When Do Companies Have to Notify Job Applicants?
Reasons Employers Don't Send Rejection Emails
When job applicants don't hear back from an employer, it can be upsetting. It takes time to apply for a job, from researching the company through creating a targeted resume and cover letter, and it’s frustrating not to get a response.
Yet it's very common for companies to not notify applicants when they are rejected for a job. In fact, you might even interview with the employer and never hear back.
If this has happened to you, it might seem like your application has disappeared into a job search black hole.
It can help to learn more about why companies shy away from sharing hiring status with candidates, when they must disclose information, and how to follow up during the application process.
Legal Requirements for Notifying Job Applicants
In most cases, employers are not legally required to notify applicants that they have not been accepted for a job.
However, many human resource experts feel that employers should inform all applicants of their status. Failure to do so might discourage applicants from considering the employer for other, more suitable vacancies and might also create a negative impression of the organization with the applicant's associates. In many industries, applicants are also customers or potential customers and most employers want to avoid alienating their patrons.
Reasons Why Companies Don't Notify Applicants
According to a Clutch survey, more than a third of job seekers said that the last company that rejected them did so by “ghosting” them—in other words, by dropping the hiring process without a word.
But why do companies ghost candidates? U.S. News & World Report interviewed company leaders and hiring managers to find out the reasons they avoid sending rejection letters. Their reasons included:
1. Volume: Companies receive an average of 250 resumes per position. It's tough enough to deal with the bulk of those emails, let alone respond to each person individually with a rejection.
2. Fear of a lawsuit: A rejection letter could potentially bring on legal action, depending on how it's written. From an employers' standpoint, it can seem better to send no letter at all than risk a potential lawsuit.
3. Unwanted Communication: A rejection letter coming from a specific employee with contact information (e.g., name and email) can spark unwanted ongoing communication from the applicant, asking about applying again for another position, or feedback on where the interview went wrong. Multiply that by 250 rejections, and it's a hassle that HR managers want to avoid.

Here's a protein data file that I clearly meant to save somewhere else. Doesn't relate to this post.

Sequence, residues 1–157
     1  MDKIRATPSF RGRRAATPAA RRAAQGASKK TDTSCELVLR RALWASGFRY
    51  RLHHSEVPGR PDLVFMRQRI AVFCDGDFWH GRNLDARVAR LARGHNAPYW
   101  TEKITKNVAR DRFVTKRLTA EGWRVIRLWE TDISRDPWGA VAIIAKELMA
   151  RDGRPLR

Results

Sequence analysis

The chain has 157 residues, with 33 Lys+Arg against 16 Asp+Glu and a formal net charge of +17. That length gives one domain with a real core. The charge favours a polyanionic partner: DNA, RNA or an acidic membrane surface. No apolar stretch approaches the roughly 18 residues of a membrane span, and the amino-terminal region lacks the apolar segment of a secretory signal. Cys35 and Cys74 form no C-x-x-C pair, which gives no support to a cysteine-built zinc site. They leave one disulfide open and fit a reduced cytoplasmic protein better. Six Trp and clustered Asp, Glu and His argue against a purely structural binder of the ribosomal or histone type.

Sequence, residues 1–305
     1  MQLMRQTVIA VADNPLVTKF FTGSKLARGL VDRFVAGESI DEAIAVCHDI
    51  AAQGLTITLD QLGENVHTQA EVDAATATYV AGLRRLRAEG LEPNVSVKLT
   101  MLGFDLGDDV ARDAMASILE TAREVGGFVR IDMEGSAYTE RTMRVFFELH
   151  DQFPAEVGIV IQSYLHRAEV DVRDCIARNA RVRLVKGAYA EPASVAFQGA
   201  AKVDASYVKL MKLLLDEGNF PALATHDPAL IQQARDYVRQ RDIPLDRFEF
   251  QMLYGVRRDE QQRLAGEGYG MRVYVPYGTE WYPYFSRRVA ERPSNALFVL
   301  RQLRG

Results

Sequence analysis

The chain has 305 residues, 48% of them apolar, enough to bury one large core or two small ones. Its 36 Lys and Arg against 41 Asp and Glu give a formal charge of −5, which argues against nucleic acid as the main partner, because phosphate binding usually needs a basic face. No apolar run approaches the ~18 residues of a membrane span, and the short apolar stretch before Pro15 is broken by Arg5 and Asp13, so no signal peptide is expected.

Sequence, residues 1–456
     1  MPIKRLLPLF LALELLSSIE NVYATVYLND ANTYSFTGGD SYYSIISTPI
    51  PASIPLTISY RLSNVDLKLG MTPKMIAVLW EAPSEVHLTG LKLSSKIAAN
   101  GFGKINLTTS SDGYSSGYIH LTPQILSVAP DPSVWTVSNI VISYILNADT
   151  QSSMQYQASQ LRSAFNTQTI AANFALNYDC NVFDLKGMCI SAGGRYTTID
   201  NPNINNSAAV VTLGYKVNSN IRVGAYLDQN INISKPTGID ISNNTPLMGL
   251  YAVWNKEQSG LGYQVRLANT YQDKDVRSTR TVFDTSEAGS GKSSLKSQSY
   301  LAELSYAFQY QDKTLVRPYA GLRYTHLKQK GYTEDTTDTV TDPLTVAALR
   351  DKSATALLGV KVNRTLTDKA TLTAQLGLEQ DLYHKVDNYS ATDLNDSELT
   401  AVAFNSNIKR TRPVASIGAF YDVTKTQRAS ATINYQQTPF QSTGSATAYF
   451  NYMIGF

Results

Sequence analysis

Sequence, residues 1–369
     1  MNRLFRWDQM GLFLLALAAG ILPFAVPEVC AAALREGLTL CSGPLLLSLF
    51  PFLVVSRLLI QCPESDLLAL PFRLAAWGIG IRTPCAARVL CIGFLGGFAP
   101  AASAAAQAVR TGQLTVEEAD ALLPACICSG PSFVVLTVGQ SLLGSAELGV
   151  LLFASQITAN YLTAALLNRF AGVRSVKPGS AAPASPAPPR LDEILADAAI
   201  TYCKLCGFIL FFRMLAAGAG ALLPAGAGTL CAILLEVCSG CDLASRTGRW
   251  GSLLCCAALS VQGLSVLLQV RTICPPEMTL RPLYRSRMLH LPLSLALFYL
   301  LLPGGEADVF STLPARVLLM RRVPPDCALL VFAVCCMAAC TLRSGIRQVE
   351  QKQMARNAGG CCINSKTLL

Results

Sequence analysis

There are other reasons companies may hold off on notifying applicants. In some cases, the company may change directions, and decide not to fill the position anymore. The posting may be removed from the website, but typically, the company won't inform applicants of these internal workings.
Sometimes, companies hold off on rejecting applicants because the position is still open. The company might want to keep their options open.
The company may interview several people, and offer the job to one, but hold off on rejecting all applicants in case the first-choice candidate does not accept the position.
Federal Government Notification Requirements
In 2009, the federal government established requirements for agencies to notify candidates of their status during the screening process as part of its "end-to-end hiring initiative."
Notification must take place at least four times during the process—upon receipt of the application, when the application is evaluated against the requirements for the job, when a decision is made about whether to refer the candidate to the selecting official, and when the final employment decision is made.
Background Screening and Employment Tests
Employers who reject applicants based on background screening and employment tests must notify applicants if they have been rejected based on any information secured through that process.
The Fair Credit Reporting Act stipulates that candidates have the right to dispute any damaging information contained in their report. Companies that fail to give applicants an opportunity to respond to negative background checks may find themselves in legal trouble.
How to Follow Up With an Employer
In can be hard to follow up when you have applied for a job. Many employers don't list contact information, email addresses, or phone numbers. If you’ve applied through the corporate site or a jobs website, you may be stuck waiting to see if you hear back.
If you want to try to find a contact at the company, there are several ways to go about it:
- Look at the company website to see if the hiring manager or HR representative is listed there.
- If you have the contact person’s name, but not their email address, you can look at the convention for other email addresses at the company and take an educated guess.
- If you don’t have a name, you can try calling the company to ask for the best contact for HR.
Follow up once, a week or two after your initial application. After that, it’s best to let it go. Employers want enthusiastic candidates, but they don’t want to work with someone who persists past the point of reason.
The easiest time to follow up is after a job interview—if you do your homework during the interview itself. Always ask when you can expect to hear from the company and make a note of the name and contact information of the hiring manager. This information will also come in handy when you send your thank-you note (ideally, within 24 hours of the interview).
Then, after that time frame passes, you can send an email or call to find out the status. You might not get a response, but at least you will have done your part.